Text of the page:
In contrast, the MOSFET offers an exceptionally stable SOA, since it does not suffer from the effects of secondary breakdown during forward bias. Thus both the DC and pulsed SOA are superior to that of the bipolar transistor. In fact, with a power MOSFET it’s quite possible to switch rated current at rated voltage without the need of snubber networks. Of course, during the design of practical circuits, it’s advisable that certain derating must be observed.

FIG. 31(c) shows typical MOSFET and equivalent bipolar transistor curves superimposed in order to compare their SOA capabilities. Secondary breakdown during reverse bias is also nonexistent in the power MOSFET, since the harsh reverse-bias schemes used during bipolar transistor turn-off are not applicable to MOSFETs. Here , for the MOSFET to turn off, the only requirement is that the gate is returned to 0 V. For more details on SOA, refer to [ 43].

FIG. 31(c) SOA curves for power MOSFET.

Dynamic Stresses and Avalanche Failures:

MOSFET manufacturers usually specify the SOA based on static operating conditions.

However, most power electronic circuits carry inductive and capacitive components, which can cause significant transients due to:

di / dt

... and

dv / dt

…effects, and these effects require quite complex approaches to quantify accurately. Any transient has the potential to drive the drain to source of a MOSFET into avalanche. To help cope with the transients there are avalanche-resistant devices that are rated over a wide range of current, junction temperature, and time.

In a power MOSFET used in a switching circuit where inductance is switched by the device, when the device is switched off (similar to the case of a boost converter with load suddenly switching off simultaneously) inductive current could finally end up flowing through the body diode, which enters into avalanche. The maximum value of this diode current, IAS, which is given in data sheets as single-pulse drain source avalanche current, is dependent on the starting junction temperature, the time in avalanche, etc. Avalanche survivability of a power MOSFET centers on the condition that the parasitic bipolar transistor inside the device never turns on [44]. This rating, known as the unclamped inductive switching (UIS) rating, which becomes application specific, is discussed in [44-46] and is also applicable to modern high-speed power rectifiers

[46]. A test method to measure these is discussed in [46]. A practically valuable discussion with application considerations in various circuits including resonant converters is in [47]. References [48-52] are useful in estimating the reliability and modeling of power MOSFETs.

Practical Components

High-Voltage and Low-On-Resistance Devices:

Denser geometries, processing innovations, and packaging improvements in the 1990s were resulting in power MOSFETS that have ever-higher voltage ratings and current-handling capabilities. See [7-9] for more information. Bipolar transistors have always been available with very high voltage ratings, and those ratings don’t carry onerous price penalties. Achieving good high-voltage performance in power MOSFETs, however, has been problematic , for several reasons.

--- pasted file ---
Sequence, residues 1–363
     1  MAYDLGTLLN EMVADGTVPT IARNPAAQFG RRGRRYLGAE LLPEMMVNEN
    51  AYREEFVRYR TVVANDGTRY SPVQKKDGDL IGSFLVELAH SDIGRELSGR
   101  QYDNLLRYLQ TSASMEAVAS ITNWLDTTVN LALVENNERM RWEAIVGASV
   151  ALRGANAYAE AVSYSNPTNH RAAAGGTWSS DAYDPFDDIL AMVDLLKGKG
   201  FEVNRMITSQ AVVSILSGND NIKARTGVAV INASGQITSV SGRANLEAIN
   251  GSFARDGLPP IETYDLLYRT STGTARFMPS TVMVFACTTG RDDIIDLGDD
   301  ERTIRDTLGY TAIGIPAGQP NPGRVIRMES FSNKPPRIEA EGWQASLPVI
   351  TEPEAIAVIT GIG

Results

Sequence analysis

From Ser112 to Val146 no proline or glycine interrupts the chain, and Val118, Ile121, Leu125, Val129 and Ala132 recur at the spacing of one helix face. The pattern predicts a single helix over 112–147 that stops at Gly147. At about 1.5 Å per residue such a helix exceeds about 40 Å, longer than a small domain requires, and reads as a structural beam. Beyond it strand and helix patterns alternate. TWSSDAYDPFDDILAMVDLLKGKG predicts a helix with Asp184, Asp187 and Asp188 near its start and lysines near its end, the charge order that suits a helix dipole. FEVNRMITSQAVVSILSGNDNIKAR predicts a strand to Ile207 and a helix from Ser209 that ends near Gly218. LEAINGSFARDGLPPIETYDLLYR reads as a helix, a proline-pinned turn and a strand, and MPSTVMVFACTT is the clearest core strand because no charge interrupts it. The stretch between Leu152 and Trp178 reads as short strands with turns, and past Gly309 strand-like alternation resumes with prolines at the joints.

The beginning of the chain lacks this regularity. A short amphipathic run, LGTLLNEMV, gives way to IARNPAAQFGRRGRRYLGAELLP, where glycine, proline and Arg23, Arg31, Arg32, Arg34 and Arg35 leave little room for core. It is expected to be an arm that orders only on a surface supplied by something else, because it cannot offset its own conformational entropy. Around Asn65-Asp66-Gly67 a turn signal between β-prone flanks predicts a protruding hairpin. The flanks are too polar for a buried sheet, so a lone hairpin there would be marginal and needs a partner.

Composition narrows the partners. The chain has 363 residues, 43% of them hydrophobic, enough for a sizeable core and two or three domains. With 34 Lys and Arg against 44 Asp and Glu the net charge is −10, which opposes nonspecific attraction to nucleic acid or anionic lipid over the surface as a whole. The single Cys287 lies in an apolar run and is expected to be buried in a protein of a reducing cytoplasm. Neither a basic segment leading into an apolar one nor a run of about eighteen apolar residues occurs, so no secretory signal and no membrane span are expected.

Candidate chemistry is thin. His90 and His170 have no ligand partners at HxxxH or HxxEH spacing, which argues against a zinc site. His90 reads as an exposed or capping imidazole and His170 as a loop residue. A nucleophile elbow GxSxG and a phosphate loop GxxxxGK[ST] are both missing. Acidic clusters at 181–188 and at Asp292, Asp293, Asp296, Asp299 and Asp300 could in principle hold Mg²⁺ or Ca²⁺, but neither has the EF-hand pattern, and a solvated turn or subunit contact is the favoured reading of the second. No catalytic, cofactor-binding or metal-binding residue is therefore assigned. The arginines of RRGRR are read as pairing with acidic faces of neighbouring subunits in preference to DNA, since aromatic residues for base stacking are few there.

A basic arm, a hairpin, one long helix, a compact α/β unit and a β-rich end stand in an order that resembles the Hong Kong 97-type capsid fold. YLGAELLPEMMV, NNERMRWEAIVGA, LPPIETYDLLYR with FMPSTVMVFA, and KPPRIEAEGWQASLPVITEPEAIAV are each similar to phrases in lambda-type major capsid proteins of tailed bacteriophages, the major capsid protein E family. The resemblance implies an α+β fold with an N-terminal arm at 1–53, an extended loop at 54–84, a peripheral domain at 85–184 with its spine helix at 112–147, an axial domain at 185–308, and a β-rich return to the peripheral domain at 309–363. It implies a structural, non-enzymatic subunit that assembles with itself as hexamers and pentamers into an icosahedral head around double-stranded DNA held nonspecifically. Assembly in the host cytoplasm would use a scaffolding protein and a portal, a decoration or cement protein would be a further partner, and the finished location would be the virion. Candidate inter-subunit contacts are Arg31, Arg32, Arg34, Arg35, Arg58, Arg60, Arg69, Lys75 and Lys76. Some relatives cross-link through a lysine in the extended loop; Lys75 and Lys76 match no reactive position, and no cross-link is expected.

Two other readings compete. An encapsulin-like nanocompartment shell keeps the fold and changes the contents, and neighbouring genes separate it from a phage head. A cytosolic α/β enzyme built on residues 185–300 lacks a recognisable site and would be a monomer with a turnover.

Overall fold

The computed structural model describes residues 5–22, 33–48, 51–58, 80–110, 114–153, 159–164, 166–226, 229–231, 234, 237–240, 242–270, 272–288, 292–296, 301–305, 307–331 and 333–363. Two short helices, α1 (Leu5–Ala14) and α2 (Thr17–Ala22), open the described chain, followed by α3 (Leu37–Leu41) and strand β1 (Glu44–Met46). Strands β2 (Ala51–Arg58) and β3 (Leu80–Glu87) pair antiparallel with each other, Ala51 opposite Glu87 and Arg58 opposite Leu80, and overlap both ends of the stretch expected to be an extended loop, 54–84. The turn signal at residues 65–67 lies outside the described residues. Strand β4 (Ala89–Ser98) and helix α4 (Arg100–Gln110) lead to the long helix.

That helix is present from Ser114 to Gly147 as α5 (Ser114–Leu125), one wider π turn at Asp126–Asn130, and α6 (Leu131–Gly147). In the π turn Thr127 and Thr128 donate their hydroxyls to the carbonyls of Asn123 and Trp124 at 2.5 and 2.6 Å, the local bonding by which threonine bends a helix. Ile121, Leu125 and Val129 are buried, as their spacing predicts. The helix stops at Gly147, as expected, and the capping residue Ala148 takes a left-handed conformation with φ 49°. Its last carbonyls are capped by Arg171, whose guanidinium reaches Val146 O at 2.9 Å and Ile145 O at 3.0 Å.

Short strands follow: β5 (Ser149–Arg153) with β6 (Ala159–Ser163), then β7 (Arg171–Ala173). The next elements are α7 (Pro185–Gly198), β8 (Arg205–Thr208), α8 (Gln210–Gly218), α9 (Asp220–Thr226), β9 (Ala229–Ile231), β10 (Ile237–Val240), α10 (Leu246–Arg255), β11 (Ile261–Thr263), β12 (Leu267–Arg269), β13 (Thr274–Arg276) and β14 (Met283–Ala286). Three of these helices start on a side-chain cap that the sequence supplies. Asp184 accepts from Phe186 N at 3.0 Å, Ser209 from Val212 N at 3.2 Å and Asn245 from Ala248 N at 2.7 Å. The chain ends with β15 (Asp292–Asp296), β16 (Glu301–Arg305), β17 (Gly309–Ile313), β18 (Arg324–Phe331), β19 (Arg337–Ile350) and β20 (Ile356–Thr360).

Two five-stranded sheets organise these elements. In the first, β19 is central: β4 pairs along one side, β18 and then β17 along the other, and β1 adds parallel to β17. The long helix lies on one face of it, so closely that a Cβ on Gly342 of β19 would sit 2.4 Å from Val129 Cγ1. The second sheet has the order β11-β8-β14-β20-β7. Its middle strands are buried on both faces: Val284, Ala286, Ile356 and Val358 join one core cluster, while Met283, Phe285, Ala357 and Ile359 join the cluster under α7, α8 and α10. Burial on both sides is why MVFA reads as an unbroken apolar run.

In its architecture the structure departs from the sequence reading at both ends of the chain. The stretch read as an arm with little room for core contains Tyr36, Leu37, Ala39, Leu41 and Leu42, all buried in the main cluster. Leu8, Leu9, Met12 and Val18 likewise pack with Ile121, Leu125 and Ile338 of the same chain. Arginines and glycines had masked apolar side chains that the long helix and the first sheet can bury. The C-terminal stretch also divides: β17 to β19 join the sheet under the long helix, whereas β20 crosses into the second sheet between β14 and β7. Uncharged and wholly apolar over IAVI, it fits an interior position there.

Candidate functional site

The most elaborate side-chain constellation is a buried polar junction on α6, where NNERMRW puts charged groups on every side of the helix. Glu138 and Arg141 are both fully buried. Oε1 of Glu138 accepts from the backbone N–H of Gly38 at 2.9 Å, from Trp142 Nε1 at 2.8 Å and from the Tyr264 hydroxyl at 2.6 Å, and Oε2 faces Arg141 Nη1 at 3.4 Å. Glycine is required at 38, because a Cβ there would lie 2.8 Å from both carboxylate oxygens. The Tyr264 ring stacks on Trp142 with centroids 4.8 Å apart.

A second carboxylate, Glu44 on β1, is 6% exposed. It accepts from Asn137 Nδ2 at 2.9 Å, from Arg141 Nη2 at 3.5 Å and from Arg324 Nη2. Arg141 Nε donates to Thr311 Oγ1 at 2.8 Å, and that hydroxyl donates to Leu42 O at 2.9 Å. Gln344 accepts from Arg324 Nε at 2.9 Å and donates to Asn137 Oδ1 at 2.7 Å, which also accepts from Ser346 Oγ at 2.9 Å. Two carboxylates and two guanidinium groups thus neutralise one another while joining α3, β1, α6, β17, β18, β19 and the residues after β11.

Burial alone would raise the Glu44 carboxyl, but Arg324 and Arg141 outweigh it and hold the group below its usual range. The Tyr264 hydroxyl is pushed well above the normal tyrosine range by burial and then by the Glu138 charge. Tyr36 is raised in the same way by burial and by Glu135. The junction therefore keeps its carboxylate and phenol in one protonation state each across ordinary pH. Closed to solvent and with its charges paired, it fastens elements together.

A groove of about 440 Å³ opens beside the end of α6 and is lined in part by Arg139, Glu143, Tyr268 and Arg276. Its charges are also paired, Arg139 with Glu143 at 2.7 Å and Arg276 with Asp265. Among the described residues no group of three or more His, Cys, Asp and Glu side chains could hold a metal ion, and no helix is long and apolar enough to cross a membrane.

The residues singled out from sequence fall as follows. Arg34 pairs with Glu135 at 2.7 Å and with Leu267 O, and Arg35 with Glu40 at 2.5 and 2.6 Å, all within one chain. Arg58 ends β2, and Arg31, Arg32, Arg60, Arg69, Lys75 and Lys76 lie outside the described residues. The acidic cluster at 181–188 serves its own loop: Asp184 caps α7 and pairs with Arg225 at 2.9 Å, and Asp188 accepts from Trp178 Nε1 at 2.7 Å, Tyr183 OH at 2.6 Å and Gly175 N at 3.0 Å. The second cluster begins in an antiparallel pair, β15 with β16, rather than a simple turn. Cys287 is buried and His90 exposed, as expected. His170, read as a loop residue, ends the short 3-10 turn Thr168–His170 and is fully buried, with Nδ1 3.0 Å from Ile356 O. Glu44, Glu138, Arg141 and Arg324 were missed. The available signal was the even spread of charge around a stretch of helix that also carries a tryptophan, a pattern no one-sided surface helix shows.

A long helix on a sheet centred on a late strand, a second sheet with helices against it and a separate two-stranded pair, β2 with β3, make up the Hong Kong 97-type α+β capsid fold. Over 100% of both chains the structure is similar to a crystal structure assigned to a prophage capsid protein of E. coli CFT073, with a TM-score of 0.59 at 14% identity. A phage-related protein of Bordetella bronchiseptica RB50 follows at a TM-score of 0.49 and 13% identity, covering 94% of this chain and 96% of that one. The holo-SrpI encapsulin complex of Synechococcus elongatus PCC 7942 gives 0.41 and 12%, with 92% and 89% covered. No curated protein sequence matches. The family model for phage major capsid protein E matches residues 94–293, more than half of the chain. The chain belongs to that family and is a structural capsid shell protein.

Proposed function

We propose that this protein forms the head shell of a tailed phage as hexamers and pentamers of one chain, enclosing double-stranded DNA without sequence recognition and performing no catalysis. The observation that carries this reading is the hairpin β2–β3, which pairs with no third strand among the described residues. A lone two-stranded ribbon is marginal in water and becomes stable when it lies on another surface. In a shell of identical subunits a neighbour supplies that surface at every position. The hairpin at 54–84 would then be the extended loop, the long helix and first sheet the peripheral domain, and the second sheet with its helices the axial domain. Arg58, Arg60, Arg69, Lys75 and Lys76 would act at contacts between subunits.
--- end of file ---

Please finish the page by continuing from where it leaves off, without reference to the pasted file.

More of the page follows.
First, the RDS(ON) of devices of equal silicon area increases exponentially with the voltage rating. To get the on-resistance down, manufacturers would usually pack more parallel cells onto a die. But this denser packing causes problems in high-voltage performance.

Propagation delays across a chip, as well as silicon defects, can lead to unequal voltage stresses and even to localized breakdown.

Manufacturers resort to a variety of techniques to produce high-voltage (>1000 V), low-RDS(ON) power MOSFETs that offer reasonable yields. Advanced Power Technology (APT) , for example, deviates from the trend toward smaller and smaller feature sizes in its quest for low on-resistance. Instead, the company uses large dies to get RDS(ON) down.

APT manufactures power MOSFETs using dies as large as 585 × 738 mil and reaching voltage ratings as high as 1000 V. APT10026JN, a device from their product range, has a current rating of 1000 V with 690 W power rating. On-resistance of the device is 0.26 Ω.

When the devices were aimed out to low power applications such as laptop and note guide computers, cellular phones, etc., extremely low RDS(on) values from practical devices were necessary.

Specific on-resistance of double-diffused MOSFETs (DMOSFETs), more commonly known as power MOSFETs, has continually shrunk over the past two decades. In other words, the RDS(ON) per unit area has dropped. The reduced size with regard to low-voltage devices (those rated for a maximum drain-to-source voltage VDS of under 100 V) was achieved by increasing the cell density.

Most power-MOSFET suppliers now offer low-voltage FETs from processes that pack 4 million to 8 million cells/in2, in which each cell is an individual MOSFET. The drain, gate, and source terminals of all the cells are connected in parallel. Manufacturers such as International Rectifier (IOR) have developed many generations of MOSFETs based on DMOS technology. For example, the HEXFET family from IOR has gone through five generations, gradually increasing the number of cells per in2 with almost 10-fold decrease in the RDS(ON) parameter as per FIG. 32. RDS(ON) times the device die area in this figure is a long-used figure of merit (FOM) for power semiconductors. This is called specified on resistance. For details, [23] is suggested.

Because Generation 5 die are smaller than the previous generation, there is room within the same package to accommodate additional devices such as a Schottky diode.